‘For-Each’ of My Own

‘For-Each’ of My Own

Fast Facts
Develop custom enumerating functionality and take advantage of iteration through non-collection-based classes.

ne of the coolest things I like about the .NET Framework is the way collections are designed and handled. On the surface, you simply see many types of collections, stored in the System.Collections namespace. In fact, there is another namespace directly under this one called System.Collections.Specialized, which contains even more collection types, including one that mimics the old-fashioned Visual Basic 6.0 collection. What is not completely obvious is how these collections work internally. While this is not a tutorial on .NET collections, it’s important to understand the basics of what lies beneath the surface of all these new collection types.

Under the Hood of Collections
The heart of all the collection classes in the .NET Framework is really a set of interfaces. Which interfaces are implemented and how they are implemented determine the capabilities and behavior of any particular collection class. The two main interfaces used in collection classes are ICollection and IList. ICollection provides the functionality for item counts, enumerating, and synchronization. IList defines the methods and properties that allow the storage of items and all functionality to address that storage (add, remove, etc.). The enumeration capabilities are defined in the IEnumerable and IEnumerator interfaces. The ICollection interface, in fact, inherits from the IEnumerable interface, thus “inheriting” its interface. The way these interfaces are implemented determine if the items will be stored in a particular order (sorted list, stack, or queue), if they are hashed for storage, and other behavior. The implementation also determines how items in storage get retrieved; for example, by index, by key, ‘popped’ in the case of a Stack, ‘dequeued’ in the case of a Queue, etc.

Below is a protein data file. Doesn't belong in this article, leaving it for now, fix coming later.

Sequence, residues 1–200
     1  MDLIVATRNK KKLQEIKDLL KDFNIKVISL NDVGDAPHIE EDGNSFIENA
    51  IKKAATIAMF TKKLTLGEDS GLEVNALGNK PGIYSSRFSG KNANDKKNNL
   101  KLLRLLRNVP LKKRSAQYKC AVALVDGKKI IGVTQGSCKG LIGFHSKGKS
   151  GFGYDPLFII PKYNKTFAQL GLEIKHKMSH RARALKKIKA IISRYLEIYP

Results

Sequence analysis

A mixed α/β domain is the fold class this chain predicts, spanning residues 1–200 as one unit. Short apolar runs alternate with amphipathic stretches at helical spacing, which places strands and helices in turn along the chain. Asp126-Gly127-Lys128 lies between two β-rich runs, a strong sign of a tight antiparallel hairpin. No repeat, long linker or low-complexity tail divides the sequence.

This article assumes a basic knowledge of collection classes for the sake of the quick-review at the beginning.

Custom implementations of the interfaces mentioned above allow you to add some really slick functionality in your custom collection classes. In fact, the .NET Framework gives you a head start when designing your own collection classes by exposing two abstract classes, CollectionBase and DictionaryBase. These abstract classes already implement the fore-mentioned interfaces and provide the basic implementation, allowing you to further extend them for your own needs. Custom collection classes that inherit from these base classes or that are developed from scratch by totally custom-implementing all the necessary interfaces can expose their lists for iteration using standard For Each statements (foreach in C#) as can all the standard collection types included with the .NET Framework (ArrayList, Hashtable, etc.).


   For Each s_Name As String In o_MyCollectionOfNames      ' Do whatever you want with s_Name   Next

In C#:

   foreach(string s_Name in o_MyCollectionOfNames)   {      // Do whatever you want with s_Name   }

The code above should be familiar to all of you, even those of you who have not made the transition from Visual Basic 6.0 yet. A tutorial that describes how to use these interfaces and abstract classes is perhaps an excellent topic for another article, but here I will concentrate on just two of these interfaces: IEnumerable and IEnumerator. The class I will iterate through is not a collection class because it does not inherit from either CollectionBase nor DictionaryBase, nor does it implement ICollection or IList. In fact, my class will not even contain a collection; it is just a couple of simple properties that define beginning and ending markers. Intrigued yet? Let’s get going.